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Fasting

Fasting can be an empty ritual and is condemned. Did not people come to Jesus and ask: ‘Why do John’s disciples and the disciples of the Pharisees fast, but your disciples do not fast’? And is fasting not a Roman Catholic practice, so that the medieval church developed an elaborate calendar of ‘feast days’ and ‘fast days’? Did it not also become associated with a superstitious view of the mass and of ‘fasting communion’?

Even during the times of the old agreement, God condemned useless fasting. Jesus comes on the scene later to validate it’s proper and improper use. The main point Jesus makes is that fasting is that it is between me and God. It is not for show! Jesus assumes I will fast as He says “When you fast.” Jesus lays out how to do it.

  • Jeremiah 14:11–12 (NASB) —  So the Lord said to me, “Do not pray for the welfare of this people. “When they fast, I am not going to listen to their cry; and when they offer burnt offering and grain offering, I am not going to accept them. Rather I am going to make an end of them by the sword, famine and pestilence.”
  • Isaiah 58:1–7 (NASB) —  “Cry loudly, do not hold back; Raise your voice like a trumpet, And declare to My people their transgression And to the house of Jacob their sins.  “Yet they seek Me day by day and delight to know My ways, As a nation that has done righteousness And has not forsaken the ordinance of their God. They ask Me for just decisions, They delight in the nearness of God.  ‘Why have we fasted and You do not see? Why have we humbled ourselves and You do not notice?’ Behold, on the day of your fast you find your desire, And drive hard all your workers.  “Behold, you fast for contention and strife and to strike with a wicked fist. You do not fast like you do today to make your voice heard on high.  “Is it a fast like this which I choose, a day for a man to humble himself? Is it for bowing one’s head like a reed And for spreading out sackcloth and ashes as a bed? Will you call this a fast, even an acceptable day to the Lord?  “Is this not the fast which I choose, To loosen the bonds of wickedness, To undo the bands of the yoke, And to let the oppressed go free And break every yoke?  “Is it not to divide your bread with the hungry And bring the homeless poor into the house; When you see the naked, to cover him; And not to hide yourself from your own flesh?
  • Zechariah 7:4–7 (NASB) —  Then the word of the Lord of hosts came to me, saying,  “Say to all the people of the land and to the priests, ‘When you fasted and mourned in the fifth and seventh months these seventy years, was it actually for Me that you fasted?  ‘When you eat and drink, do you not eat for yourselves and do you not drink for yourselves?  ‘Are not these the words which the Lord proclaimed by the former prophets, when Jerusalem was inhabited and prosperous along with its cities around it, and the Negev and the foothills were inhabited?’ ”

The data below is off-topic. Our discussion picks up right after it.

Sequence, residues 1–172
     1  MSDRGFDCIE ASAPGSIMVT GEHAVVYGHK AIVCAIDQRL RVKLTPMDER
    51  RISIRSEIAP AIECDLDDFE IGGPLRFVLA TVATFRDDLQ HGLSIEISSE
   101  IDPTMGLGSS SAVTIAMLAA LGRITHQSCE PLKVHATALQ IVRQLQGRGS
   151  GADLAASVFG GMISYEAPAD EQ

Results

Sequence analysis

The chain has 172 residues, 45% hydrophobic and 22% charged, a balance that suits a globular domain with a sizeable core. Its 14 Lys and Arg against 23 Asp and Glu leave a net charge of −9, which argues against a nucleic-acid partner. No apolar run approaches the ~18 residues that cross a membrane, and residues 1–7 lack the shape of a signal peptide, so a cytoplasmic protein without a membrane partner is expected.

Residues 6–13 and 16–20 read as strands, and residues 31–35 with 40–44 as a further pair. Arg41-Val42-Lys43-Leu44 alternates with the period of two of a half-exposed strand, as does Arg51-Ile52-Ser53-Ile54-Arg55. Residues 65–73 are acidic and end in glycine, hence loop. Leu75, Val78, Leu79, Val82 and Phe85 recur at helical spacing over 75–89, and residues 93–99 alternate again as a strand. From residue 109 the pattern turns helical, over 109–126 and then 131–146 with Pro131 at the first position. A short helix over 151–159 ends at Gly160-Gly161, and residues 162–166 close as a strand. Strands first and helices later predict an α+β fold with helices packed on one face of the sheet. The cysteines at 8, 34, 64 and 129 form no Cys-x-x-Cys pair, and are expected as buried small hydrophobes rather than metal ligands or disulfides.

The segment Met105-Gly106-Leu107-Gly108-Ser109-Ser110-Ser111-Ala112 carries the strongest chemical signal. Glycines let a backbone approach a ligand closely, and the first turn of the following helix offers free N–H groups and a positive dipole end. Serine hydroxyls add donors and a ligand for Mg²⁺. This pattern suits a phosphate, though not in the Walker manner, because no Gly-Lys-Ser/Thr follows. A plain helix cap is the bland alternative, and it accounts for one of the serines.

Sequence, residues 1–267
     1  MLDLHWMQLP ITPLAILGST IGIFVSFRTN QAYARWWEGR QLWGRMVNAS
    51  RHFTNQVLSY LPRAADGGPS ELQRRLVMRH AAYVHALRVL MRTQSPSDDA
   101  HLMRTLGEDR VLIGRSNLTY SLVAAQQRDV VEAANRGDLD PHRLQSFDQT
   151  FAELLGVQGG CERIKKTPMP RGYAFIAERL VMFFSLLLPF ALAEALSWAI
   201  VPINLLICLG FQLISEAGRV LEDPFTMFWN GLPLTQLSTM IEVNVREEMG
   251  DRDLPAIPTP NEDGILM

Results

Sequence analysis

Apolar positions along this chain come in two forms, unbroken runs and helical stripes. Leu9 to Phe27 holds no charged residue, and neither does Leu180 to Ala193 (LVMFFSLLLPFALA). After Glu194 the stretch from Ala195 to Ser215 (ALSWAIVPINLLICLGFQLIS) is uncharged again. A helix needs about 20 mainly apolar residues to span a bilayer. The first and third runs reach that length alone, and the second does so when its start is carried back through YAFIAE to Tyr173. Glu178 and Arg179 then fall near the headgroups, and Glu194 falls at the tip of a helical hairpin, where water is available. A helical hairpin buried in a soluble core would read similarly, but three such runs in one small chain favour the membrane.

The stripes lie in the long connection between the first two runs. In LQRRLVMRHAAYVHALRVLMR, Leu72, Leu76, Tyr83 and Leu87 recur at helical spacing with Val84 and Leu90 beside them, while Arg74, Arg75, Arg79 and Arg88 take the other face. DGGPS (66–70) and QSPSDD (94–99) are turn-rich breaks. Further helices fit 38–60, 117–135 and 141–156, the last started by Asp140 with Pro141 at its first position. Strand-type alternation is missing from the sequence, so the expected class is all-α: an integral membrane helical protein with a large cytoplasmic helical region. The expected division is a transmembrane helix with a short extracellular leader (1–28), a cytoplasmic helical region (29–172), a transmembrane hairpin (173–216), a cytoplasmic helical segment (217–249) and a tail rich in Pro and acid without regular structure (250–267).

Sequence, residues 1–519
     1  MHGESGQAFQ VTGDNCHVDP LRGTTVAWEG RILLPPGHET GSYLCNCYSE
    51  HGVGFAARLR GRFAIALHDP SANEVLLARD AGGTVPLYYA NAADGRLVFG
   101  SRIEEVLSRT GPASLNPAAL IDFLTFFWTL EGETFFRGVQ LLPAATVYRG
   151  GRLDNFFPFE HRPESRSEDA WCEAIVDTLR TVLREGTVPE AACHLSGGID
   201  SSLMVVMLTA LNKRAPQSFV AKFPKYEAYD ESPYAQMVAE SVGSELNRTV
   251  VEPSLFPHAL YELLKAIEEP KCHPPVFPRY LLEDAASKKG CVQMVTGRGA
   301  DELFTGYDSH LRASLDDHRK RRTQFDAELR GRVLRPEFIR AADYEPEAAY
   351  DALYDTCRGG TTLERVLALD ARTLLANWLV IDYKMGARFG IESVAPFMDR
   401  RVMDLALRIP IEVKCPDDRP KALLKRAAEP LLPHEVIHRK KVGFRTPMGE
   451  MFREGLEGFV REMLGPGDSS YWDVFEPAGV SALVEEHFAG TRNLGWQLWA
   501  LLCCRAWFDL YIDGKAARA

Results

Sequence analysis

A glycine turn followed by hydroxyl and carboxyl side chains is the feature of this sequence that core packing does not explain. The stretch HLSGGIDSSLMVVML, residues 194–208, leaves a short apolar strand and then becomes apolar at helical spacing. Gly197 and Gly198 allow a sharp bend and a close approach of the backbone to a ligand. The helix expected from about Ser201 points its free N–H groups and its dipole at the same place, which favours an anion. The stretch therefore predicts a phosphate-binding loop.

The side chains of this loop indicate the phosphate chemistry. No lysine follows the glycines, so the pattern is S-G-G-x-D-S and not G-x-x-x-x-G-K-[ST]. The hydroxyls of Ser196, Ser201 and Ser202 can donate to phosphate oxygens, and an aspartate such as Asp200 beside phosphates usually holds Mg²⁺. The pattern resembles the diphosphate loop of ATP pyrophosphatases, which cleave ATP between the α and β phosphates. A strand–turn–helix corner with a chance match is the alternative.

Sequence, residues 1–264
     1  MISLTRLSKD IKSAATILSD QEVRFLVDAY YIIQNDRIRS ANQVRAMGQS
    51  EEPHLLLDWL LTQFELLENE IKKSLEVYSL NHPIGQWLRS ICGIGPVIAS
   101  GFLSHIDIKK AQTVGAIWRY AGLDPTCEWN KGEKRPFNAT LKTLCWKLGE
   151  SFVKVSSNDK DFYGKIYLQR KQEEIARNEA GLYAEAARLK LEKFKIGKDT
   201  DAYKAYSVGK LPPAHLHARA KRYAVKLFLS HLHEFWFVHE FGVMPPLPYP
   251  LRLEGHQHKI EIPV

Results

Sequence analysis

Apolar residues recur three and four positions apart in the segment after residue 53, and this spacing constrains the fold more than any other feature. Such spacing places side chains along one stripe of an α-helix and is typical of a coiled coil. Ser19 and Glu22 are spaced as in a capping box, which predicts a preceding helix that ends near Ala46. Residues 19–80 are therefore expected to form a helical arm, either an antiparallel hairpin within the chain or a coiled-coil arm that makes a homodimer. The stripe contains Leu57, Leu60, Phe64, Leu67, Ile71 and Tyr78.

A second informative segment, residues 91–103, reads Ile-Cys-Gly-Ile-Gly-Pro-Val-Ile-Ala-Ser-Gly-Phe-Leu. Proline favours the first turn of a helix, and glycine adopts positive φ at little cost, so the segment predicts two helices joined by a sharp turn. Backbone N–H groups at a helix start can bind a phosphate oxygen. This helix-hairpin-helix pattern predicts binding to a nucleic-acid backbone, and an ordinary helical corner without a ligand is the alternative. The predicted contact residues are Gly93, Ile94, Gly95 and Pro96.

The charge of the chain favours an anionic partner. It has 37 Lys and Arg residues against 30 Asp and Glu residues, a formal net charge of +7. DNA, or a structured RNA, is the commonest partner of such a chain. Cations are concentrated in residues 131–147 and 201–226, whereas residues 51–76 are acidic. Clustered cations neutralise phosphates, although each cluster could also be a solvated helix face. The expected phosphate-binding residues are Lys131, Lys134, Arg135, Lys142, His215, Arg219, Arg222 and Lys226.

Isn’t fasting an Old Testament exercise, we ask, enjoined by Moses for the Day of Atonement, and after the return from Babylonian exile required on some other annual days, but now abrogated by the Messiah?

Jesus clearly says, when you fast. Do I believe Him? Do I practice “Jesus fasting”?

I must choose God for my audience. As Jesus watched the people putting their gifts into the temple treasury, so God watches me as I give. As I pray and fast secretly, he is there in the secret place. God hates hypocrisy but loves reality. That is why it is only when I am aware of his presence that my giving, praying and fasting will be real.

And when you fast, do not look gloomy like the hypocrites, for they disfigure their faces that their fasting may be seen by others. Truly, I say to you, they have received their reward. But when you fast, anoint your head and wash your face, that your fasting may not be seen by others but by your Father who is in secret. And your Father who sees in secret will reward you.” ~Jesus| Matthew 6:16-18

So whether for penitence or for prayer, for self-discipline or for solidary love, there are good biblical reasons for fasting. Whatever our reasons, Jesus took it for granted that fasting would have a place in my life. His concern was that, as with my giving and praying so with my fasting, I should not, like the hypocrites, draw attention to myself. Their practice was to look dismal and disfigure their faces. The word translated ‘disfigure’ (aphanizo) means literally to ‘make to disappear’ and so to ‘render invisible or unrecognizable’. They may have neglected personal hygiene, or covered their heads with sackcloth, or perhaps smeared their faces with ashes in order to look pale, wan, melancholy and so outstandingly holy. All so that their fasting might be seen and known by everybody. The admiration of the onlookers would be all the reward they got.‘But as for you, my disciples,’ Jesus went on, when you fast, anoint your head and wash your face, that is, ‘brush your hair and wash your face’.

Scripture does not command disciples to fast. God does not require or demand it. At the same time, the Bible presents fasting as something that is good, profitable, and beneficial. The book of Acts records believers fasting before they made important decisions (Acts 13:2; 14:23). Fasting and prayer are often linked together (Luke 2:37; 5:33). Too often, the focus of fasting is on the lack of food. Instead, the purpose of fasting should be to take your eyes off the things of this world to focus completely on God. Fasting is a way to demonstrate to God, and to ourselves, that we are serious about our relationship with Him. Fasting helps us gain a new perspective and a renewed reliance upon God.

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